Protecting Passwords, Page 2
Rather than transmitting a password back to the user via email, it is possible to transmit a key that will allow the reader to change their password via a special page. Transmitting a key rather than their password is better because it doesn't expose a password that they potentially use at other sites and also because this key can be setup such that it is only usable one time. This would prevent a hacker from recording the information and using it at a later time.
Creating a forgotten password key is relatively simple. First, the user's object is "touched" so that some date is changed by the mere practice of sending the forgotten password. Ideally, another property in the user's object will be present which changes every time that the user logs into the system. The user object is then serialized and then hashed using an algorithm like the ones above. This will create a unique key every time the user indicates that they forgot their password because the mere fact that they requested it causes the data to change which in turn causes the hash to change.
Occasionally, there is some concern about the length of the resulting hash. It is technically possible to truncate the length of the hash to an acceptable level for entry and comparison purposes. However, the shorter the hash the less protective the whole process becomes. In practice a 32 bit or 8 hexadecimal digit hash is minimally acceptable if a limit to the number of attempts at the forgotten password page is established.
It's important to realize that when they do set their password they will be changing the data in the user record of both the password itself and the last updated time. This will automatically invalidate the key that they received making it useless to an attacker for replay or reuse.
By utilizing hashes for password resets it's possible to create a solution which most importantly doesn't give away the user's password but also prevents a third party from replaying or reusing the same key to gain access to the user's account.
It's generally accepted that security account passwords become known over time. One of the established ways used to minimize the impact of this it to cause accounts to change their password on a periodic basis. One of the easiest ways to accomplish this is to set in the record a password expiration date when the password is set. During the logon process it is possible to check the expiration date and redirect the user to change their password if their password is expired.
For accounts that are created for others the password expiration is set to yesterday on creation so that the user is forced to change their password the first time that they log in. Alternatively, the last password set date can be set to a date and a system policy set for how many days can elapse between password change events. In either case it is possible to create accounts with passwords that expire based on business rules as well as accounts whose passwords never expire.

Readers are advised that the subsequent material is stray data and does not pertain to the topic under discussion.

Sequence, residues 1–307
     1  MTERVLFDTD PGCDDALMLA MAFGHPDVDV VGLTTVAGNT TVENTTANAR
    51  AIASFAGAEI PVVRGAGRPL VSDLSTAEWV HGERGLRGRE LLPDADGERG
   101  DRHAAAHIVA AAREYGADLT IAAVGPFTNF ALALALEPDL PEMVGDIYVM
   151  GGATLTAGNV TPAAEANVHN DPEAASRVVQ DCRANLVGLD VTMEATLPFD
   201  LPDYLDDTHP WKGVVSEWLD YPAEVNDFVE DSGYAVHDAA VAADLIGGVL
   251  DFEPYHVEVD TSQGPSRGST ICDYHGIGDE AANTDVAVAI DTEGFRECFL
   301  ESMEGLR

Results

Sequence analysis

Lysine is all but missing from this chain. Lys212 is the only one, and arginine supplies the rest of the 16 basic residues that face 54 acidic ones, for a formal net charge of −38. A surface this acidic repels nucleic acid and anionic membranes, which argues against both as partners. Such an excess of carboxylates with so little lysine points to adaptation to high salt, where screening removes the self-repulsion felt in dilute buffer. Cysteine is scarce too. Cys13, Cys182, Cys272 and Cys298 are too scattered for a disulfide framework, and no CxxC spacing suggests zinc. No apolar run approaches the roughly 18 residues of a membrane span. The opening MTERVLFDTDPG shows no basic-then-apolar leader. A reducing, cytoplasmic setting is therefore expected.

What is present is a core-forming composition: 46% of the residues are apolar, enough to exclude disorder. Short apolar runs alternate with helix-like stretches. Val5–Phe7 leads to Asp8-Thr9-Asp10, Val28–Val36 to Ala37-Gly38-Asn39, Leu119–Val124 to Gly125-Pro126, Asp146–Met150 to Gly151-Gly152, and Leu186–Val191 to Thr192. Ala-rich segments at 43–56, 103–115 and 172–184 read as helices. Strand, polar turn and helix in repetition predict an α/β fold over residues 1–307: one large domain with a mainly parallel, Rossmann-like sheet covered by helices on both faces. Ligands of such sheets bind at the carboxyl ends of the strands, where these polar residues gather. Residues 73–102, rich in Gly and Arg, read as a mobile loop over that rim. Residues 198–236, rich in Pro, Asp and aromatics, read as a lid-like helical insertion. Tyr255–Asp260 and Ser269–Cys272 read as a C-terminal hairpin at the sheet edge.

Protecting from an End-Around
A final note on protecting passwords is that sometimes it's necessary to protect the account creation process. If the passwords are appropriately protected but the new account creation process is fairly lax it is possible that malicious parties will try to do a complete end-around the user account/password process by setting up bogus accounts and trying to use them to gain access to the system. When creating a system that protects passwords it's important to consider what validation is done to the account when it is created.
A similar mechanism to the forgotten password mechanism can be used to force a user to validate their account. A hash of important account information is emailed to the account. The user must return to the web site with this information in order for their account to be fully activated. This process can be adapted with an account expiration date that allows a user to use an account for a few days before being forced to authenticate the account. This will minimize the protective effect of requiring activation; however, it will allow users who don't have immediate access to their email to gain short-term access to the system. This technique is also useful with situations where a printed correspondence must be mailed to the user rather than the user receiving an email.
About the Author
Robert Bogue, MCSE (NT4/W2K), MCSA, A+, Network+, Server+, I-Net+, IT Project+, E-Biz+, CDIA+ has contributed to more than 100 book projects and numerous other publishing projects. He writes on topics from networking and certification to Microsoft applications and business needs. Robert is a strategic consultant for Crowe Chizek in Indianapolis. Some of Robert's more recent books are Mobilize Yourself!: The Microsoft Guide to Mobile Technology, Server+ Training Kit, and MCSA Training Guide (70-218): Managing a Windows 2000 Network. You can reach Robert at Robert.Bogue@CroweChizek.com.